The Di Carlo group at UCLA has invented a microparticle that enables the analysis of adherent cells by flow cytometry. In addition, they have developed a high-throughput method to fabricate these microparticles.
Traditional flow cytometry is a fluorescence-based technique used to characterize cells in a suspension state, or cells not attached to a surface, on a molecular level. Given that many cells are inherently attached to a surface in vivo, a high-throughput technique that allows for molecular characterization of adherent state cells would give great insight into a number of biological questions, and would be of great value to both scientific research and medicine.
The Di Carlo group at UCLA has developed a microparticle that enables the molecular analysis of a large number of cells in the adherent state. This novel particle, which acts as a “cell carrier”, is loaded with single cells and run through a flow cytometry instrument. As the particles are passed through the flow cytometer, the attached cells can be analyzed using scatter and fluorescence or and imaging cytometer for brightfield- and fluorescence-based imaging. Various cell parameters, including protein localization and cytoskeletal organization, can be measured and quantified. The flexible designablity of microparticles also allows altering the loading area size for cells, broadening the study using flow cytometry from single-cells to tissue level structures. The use of this microparticle in cellular analysis will provide rich data that is unattainable with traditional flow cytometry. In addition to the microparticle itself, the inventors have developed an innovative stop-flow lithography technique, which they call optical Transient Liquid Molding, that allows for the fabrication of over 1000 microparticles per hour.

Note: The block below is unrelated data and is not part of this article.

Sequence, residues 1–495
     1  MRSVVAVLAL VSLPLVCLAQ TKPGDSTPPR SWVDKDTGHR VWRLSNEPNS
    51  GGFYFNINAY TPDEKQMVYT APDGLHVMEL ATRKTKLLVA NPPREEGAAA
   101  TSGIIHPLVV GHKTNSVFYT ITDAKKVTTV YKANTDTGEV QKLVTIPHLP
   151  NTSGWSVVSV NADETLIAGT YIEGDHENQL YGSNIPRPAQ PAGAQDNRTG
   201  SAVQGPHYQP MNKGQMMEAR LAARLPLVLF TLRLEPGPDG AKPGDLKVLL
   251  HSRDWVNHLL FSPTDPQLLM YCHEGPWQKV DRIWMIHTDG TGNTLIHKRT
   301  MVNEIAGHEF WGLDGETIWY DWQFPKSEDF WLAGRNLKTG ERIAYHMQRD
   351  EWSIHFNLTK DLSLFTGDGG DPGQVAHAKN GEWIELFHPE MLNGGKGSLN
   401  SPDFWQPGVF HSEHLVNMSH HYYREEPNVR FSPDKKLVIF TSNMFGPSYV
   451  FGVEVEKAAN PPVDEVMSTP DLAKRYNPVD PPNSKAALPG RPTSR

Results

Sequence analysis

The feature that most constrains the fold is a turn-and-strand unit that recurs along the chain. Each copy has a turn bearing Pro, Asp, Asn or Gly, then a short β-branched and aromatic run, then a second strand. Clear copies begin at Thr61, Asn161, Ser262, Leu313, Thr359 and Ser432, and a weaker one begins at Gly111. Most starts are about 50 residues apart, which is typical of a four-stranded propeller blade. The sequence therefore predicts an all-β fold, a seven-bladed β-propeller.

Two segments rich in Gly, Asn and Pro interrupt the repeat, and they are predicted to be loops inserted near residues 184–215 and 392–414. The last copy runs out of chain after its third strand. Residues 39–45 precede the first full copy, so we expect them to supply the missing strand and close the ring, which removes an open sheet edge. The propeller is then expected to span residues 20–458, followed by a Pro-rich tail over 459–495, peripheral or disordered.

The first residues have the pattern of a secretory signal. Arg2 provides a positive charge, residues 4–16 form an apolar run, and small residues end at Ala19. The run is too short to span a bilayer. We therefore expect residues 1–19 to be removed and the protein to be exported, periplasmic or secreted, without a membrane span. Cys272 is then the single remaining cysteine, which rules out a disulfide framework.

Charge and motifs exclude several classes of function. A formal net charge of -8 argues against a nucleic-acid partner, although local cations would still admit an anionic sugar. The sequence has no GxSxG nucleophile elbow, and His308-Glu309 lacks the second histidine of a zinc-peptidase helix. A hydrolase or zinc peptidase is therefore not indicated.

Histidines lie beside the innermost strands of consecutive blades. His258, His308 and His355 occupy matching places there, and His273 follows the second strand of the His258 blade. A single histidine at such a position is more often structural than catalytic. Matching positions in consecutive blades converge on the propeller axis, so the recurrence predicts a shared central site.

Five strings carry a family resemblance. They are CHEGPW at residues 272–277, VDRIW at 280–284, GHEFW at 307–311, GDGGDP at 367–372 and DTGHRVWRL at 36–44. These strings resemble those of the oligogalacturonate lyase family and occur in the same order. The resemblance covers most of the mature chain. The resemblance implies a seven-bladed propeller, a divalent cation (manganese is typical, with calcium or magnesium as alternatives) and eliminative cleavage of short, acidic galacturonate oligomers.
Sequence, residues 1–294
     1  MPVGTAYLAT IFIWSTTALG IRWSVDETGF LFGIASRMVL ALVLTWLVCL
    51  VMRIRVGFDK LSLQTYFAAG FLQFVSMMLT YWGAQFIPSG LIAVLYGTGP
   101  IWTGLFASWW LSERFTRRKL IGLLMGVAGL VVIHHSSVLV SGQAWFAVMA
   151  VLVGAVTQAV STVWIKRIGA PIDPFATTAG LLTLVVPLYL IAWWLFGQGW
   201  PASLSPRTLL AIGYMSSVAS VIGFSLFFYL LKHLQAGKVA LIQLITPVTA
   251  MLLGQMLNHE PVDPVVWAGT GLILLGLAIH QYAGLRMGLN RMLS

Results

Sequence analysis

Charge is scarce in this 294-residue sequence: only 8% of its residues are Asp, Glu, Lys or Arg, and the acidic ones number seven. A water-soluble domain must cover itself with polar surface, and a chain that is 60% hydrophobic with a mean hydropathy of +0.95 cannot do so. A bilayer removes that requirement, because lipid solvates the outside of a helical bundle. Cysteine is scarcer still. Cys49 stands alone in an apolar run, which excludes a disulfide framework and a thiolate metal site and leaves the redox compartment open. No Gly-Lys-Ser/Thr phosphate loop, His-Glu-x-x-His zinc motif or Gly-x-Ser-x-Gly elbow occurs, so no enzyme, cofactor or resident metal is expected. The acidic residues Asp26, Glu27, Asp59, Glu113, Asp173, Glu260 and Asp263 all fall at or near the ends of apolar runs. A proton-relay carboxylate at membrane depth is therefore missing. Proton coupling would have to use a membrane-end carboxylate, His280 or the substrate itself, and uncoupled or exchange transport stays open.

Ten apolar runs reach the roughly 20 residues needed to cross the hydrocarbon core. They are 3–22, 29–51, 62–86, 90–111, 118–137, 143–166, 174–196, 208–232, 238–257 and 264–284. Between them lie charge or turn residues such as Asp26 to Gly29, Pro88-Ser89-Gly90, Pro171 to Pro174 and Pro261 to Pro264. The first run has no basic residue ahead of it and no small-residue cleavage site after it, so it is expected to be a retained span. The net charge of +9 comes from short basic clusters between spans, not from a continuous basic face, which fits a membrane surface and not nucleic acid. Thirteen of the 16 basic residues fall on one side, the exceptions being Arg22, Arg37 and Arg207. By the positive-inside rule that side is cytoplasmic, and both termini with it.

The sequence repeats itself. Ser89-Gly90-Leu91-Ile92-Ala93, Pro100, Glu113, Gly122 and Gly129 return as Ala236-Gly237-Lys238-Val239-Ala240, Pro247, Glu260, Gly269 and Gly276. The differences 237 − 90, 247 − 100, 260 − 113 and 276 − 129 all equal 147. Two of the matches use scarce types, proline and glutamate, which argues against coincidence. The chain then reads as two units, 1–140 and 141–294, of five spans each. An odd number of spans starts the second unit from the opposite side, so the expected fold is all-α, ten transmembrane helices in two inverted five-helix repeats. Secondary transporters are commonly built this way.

The Di Carlo group has published the fabrication method in a peer reviewed journal.
Imaging flow cytometry, adherent cell analysis, research tools, microparticle fabrication, microparticles, optical transient liquid molding, lithography